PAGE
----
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Guess I should have been more specific and said "the limited of Queen of Bedlam has just been announced". Many years ago Subterranean announced that they had struck a deal with McCammon to do editions of all his books. I have the firsts of everything except Baal (actually have an extra of the limited, 224 copy edition if anyone has $160 burning a hole in their pocket), and I figured on just sort of ignoring the Nightbird stuff as it didn't sound like my thing. So I have been oblivious to the existence of the trade hard covers,and just rely on Subterranean for signed editions of anything else he writes, (much as I do with Bentley Little at Cemetery Dance), they're eventually going to do everything so I've stopped chasing after scarce British hardcovers that are printed on the shittiest paper imaginable (you can see noticeable deterioration in five years or even less), and now I just wait for CD to do their thing, I'd rather get a signed copy of a well-made book anyway.

 

Anyway, seriously folks, that's a great deal on Baal, considering that I was able to control myself all these years and not drop $750 on the British first edition I pulled the trigger too quickly when this limited edition was announced, I ordered one immediately not knowing that my wife had already ordered one because she had long since tired of my carping about having all firsts of McCammon except for Baal.  She told me the next day and I didn't say anything... I know when silence is golden. ;-)

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  • 5 months later...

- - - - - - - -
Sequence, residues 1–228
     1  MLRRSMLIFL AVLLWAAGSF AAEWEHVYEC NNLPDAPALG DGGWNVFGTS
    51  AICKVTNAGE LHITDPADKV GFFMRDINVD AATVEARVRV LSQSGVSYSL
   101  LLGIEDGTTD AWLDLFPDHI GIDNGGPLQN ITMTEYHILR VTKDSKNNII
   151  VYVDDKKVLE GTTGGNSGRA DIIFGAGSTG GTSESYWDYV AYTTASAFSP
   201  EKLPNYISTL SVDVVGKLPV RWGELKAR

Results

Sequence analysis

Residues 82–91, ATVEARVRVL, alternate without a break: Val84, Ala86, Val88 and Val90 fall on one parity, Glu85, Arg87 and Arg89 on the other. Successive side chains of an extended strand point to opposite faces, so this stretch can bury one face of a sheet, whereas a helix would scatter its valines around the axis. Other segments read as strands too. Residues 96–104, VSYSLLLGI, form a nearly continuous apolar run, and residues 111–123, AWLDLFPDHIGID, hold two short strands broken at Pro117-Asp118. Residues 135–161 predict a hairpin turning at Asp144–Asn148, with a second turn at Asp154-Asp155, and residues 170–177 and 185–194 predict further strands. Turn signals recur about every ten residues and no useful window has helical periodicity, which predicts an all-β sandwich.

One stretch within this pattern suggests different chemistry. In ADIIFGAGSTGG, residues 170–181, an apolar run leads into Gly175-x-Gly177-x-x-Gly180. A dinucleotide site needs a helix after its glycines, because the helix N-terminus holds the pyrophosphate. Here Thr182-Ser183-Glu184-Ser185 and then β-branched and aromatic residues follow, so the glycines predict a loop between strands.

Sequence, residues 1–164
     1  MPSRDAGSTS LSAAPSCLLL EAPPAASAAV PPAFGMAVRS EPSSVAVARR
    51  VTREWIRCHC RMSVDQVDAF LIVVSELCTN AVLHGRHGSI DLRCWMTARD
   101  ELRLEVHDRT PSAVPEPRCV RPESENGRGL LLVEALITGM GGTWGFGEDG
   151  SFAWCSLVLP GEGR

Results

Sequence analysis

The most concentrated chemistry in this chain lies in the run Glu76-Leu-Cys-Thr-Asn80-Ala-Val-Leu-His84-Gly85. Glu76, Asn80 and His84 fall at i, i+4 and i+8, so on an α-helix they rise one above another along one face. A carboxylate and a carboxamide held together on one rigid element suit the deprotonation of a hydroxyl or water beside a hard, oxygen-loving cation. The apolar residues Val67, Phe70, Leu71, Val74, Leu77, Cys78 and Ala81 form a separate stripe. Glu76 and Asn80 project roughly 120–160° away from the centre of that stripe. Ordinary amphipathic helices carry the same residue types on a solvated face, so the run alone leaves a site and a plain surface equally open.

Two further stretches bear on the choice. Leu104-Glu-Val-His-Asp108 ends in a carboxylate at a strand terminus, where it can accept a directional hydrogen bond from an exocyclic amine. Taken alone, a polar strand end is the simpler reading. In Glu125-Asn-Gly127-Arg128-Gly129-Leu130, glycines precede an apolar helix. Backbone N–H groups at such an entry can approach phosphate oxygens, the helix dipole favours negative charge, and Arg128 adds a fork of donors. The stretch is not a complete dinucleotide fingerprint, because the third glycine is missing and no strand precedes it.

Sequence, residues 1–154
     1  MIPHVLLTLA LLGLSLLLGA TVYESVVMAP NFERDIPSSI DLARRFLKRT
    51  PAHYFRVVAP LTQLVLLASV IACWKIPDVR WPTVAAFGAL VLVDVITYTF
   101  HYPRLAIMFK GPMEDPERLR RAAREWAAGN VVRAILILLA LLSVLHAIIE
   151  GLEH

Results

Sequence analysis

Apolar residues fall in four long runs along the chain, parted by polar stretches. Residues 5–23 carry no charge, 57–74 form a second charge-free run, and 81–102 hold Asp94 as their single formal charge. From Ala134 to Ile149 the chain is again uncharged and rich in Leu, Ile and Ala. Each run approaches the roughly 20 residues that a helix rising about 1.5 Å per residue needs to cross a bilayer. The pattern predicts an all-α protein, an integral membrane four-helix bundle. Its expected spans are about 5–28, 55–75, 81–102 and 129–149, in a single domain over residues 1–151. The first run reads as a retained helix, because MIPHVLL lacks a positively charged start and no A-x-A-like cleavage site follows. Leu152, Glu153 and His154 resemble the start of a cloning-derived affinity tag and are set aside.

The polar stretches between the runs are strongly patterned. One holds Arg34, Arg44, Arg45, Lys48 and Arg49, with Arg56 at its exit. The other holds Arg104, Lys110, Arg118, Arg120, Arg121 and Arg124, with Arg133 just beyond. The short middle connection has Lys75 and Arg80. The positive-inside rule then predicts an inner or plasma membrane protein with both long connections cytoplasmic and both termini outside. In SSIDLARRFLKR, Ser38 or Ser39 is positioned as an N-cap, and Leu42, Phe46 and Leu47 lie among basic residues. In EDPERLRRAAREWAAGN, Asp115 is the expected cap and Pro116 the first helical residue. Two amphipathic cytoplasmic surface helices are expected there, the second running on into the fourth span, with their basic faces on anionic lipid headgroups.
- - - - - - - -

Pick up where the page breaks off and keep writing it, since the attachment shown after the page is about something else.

Anyone here into Tim Curran? He's totally in the specialty press, but the man is good... Haven't read anything that I haven't liked as of yet. Oh, and John Llewelyn Probert has a massive collection out for a mere twenty-six bucks in hardcover, order one, you'll be glad you did!

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Anyone here into Tim Curran? He's totally in the specialty press, but the man is good... Haven't read anything that I haven't liked as of yet. Oh, and John Llewelyn Probert has a massive collection out for a mere twenty-six bucks in hardcover, order one, you'll be glad you did!

 

I've read some of his stuff and he's good. I really liked Skin Medicine and The Devil Next Door. I read Resurrection and it's ok. The premise is good but it's overly long.

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For an excellent period piece that's completely free of anything extraneous, check out The Corpse King. Tim also has a massive (455 pages) collection entitled Bone Marrow Stew, it was published in Australia, so you get dinged a bit due to shipping costs, but well worth the money.